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©2014 This excerpt taken from the article of the same name which appeared in ASHRAE Journal, vol. 56, no. 9, September 2014.

By Joseph W. Lstiburek, Ph.D., P.Eng., Fellow ASHRAE

About the Author
Joseph W. Lstiburek, Ph.D., P.Eng., is a principal of Building Science Corporation in Westford, Mass. Visit www.buildingscience.com.

How do you insulate uninsulated masonry buildings on the inside? Carefully. There I go again with the obvious. It is trickier to do it on the inside. But it is often less expensive than insulating them on the outside. True, you give up space, but nothing comes without some type of trade-off. The big concern is not to screw up the durability or to create moisture problems where none have existed prior to “improving” the enclosure by insulating it.

In cold climates, reducing heat flow has been linked to freeze-thaw damage in some buildings. We looked at this earlier (“Thick as a Brick,” ASHRAE Journal, May 2010). The take-away is that if rainwater is not concentrated on the façade, even crappy brick assemblies work. But how do you deal with the concentration part? And what if you can’t deal with the concentration part and have crappy brick?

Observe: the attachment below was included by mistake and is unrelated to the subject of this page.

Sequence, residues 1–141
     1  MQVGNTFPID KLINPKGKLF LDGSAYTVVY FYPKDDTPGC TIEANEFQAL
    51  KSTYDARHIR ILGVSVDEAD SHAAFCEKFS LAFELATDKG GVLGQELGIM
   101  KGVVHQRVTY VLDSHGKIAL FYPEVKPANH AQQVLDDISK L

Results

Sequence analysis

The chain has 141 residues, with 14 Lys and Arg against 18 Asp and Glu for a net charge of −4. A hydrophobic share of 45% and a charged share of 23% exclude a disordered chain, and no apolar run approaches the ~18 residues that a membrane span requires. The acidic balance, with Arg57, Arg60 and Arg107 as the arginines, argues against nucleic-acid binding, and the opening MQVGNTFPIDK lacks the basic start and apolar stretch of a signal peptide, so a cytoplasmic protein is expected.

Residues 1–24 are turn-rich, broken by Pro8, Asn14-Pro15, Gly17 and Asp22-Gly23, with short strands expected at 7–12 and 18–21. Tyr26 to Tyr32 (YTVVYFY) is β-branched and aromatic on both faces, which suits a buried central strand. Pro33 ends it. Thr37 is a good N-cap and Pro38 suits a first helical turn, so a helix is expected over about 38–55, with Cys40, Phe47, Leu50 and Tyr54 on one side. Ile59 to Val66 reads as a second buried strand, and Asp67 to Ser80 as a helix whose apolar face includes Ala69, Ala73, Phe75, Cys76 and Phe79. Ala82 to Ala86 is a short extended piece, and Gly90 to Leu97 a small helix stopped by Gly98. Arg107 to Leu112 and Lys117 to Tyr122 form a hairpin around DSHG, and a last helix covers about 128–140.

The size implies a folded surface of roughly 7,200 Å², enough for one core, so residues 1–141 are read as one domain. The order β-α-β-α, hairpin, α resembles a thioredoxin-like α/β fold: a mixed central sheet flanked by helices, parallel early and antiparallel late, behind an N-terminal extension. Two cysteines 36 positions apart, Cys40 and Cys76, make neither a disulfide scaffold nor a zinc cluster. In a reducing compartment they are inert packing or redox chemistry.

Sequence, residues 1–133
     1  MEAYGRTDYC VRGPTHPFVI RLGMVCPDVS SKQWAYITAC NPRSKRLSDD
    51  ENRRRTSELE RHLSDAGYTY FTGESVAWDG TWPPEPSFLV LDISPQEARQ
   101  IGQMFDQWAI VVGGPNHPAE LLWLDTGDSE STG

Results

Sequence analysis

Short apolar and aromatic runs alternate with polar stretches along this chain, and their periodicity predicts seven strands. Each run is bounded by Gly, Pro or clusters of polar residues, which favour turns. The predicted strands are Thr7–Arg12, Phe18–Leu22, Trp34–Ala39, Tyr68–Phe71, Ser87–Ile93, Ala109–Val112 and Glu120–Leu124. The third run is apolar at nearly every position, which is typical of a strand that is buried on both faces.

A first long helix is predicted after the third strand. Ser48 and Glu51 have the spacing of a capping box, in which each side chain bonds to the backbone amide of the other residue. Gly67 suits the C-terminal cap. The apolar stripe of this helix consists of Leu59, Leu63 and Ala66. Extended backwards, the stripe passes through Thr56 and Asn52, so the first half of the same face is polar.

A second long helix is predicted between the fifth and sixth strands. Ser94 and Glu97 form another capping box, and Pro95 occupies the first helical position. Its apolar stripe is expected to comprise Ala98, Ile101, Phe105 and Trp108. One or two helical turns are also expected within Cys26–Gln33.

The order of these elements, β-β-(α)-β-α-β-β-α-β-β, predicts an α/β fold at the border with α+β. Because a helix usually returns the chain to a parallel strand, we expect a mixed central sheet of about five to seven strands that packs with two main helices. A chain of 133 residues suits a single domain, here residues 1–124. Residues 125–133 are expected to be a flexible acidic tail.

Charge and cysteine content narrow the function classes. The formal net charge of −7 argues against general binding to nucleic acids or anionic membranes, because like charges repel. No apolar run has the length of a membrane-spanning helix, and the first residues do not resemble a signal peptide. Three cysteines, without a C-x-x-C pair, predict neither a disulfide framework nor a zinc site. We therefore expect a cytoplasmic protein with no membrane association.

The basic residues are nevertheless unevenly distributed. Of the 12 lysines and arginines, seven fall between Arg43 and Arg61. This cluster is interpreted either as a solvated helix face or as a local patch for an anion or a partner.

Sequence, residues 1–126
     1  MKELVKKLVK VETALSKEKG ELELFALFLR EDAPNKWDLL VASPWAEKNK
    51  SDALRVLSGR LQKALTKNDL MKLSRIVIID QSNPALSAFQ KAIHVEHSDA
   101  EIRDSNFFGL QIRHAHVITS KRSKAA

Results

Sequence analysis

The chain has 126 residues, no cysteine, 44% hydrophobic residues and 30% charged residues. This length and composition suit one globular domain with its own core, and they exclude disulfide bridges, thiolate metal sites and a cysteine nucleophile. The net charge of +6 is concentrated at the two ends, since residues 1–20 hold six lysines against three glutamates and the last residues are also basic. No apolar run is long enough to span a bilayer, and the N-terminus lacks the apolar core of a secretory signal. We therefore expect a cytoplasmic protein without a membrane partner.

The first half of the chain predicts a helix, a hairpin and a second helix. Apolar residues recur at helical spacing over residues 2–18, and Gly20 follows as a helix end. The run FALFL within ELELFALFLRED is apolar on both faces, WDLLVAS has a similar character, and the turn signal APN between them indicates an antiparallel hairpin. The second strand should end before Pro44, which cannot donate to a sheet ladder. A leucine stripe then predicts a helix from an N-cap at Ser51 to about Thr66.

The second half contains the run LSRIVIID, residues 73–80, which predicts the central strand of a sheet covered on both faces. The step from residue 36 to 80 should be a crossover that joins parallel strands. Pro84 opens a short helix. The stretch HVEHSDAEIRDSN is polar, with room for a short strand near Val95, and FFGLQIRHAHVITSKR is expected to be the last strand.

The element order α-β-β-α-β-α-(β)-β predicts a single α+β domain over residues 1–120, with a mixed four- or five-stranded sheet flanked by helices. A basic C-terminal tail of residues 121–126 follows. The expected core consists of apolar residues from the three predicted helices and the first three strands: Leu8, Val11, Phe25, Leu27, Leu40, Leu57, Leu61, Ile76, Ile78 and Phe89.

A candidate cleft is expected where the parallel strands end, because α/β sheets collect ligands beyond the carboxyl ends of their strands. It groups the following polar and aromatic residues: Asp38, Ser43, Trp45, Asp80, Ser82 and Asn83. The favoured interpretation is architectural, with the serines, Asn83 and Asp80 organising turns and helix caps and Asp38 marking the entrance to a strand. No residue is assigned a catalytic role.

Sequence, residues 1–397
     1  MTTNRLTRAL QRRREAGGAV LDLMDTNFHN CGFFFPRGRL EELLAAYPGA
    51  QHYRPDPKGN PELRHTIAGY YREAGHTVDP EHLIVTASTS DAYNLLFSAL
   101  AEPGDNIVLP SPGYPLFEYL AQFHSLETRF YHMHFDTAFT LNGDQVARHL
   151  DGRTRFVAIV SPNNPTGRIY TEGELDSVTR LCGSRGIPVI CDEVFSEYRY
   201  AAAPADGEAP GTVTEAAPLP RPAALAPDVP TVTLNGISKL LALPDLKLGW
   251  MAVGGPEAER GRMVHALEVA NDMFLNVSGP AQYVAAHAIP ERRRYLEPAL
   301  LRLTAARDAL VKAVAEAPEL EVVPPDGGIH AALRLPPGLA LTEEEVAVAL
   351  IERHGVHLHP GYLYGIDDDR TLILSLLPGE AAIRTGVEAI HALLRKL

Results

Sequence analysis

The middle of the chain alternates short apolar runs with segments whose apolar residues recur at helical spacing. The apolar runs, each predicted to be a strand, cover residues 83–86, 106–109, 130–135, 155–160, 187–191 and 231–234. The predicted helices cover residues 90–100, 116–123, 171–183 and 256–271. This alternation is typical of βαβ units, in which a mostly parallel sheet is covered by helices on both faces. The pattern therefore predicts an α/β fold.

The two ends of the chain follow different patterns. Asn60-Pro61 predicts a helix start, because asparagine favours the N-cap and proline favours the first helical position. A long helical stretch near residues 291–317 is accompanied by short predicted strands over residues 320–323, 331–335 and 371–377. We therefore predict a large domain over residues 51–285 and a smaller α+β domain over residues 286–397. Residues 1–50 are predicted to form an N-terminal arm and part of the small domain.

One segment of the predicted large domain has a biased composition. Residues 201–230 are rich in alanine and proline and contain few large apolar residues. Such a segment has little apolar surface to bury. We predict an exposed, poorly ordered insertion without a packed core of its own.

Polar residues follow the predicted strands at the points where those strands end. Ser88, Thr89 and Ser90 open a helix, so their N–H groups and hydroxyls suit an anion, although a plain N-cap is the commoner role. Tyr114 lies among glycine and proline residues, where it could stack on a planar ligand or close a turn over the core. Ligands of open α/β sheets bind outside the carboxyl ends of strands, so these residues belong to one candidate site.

Then, if you get past the concentration of rainwater part on the exterior, how do you stay out of trouble on the interior when you insulate? What type of insulation works? Well, they all work, sort of. It depends.

We need to start somewhere and one place to start is to ask where the building is. Is it in a cold enough climate that freeze-thaw is a risk? And does it get wet enough when it is cold enough? Ottawa sucks. Edmonton, not so much. Edmonton is colder than Ottawa, but much drier. Hard to screw up in Edmonton. Easy to screw up in Ottawa. Kinda indicative of the Canadian political system. In the U.S., New York is much more forgiving than Boston. Note that we are talking freeze-thaw here, not sociology.

Hygrothermal regions are a big deal, as is precipitation (Figure 1 and Figure 2). Here comes a “Joe Rule.” You only worry about freeze-thaw in cold climates (or colder) that have moderate (or higher) amounts of precipitation. Cold climates are defined more precisely as IECC Climate Zone 5 or higher, if you are a Yank. In Canada a cold climate is everywhere except Vancouver. Note that Boston is in IECC Climate Zone 5, but New York City is not. You can get away with stuff in NYC that you cannot in Boston.

So let’s say you are in a place that you should worry about freeze-thaw? Now what? OK, now we look at concentration of rainwater. This takes judgment and experience. Relax. We can do this. Old architects really got it right. We just need to remind the youngsters. One of my favorite all-time buildings is at my alma mater, the University of Toronto. Look at all the drip edges—at roof edges, at window openings, between floors. Notice that they are working. How can you tell? No stains. Look at this building carefully because it is an example of “what is good.”


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Figures 1 and 2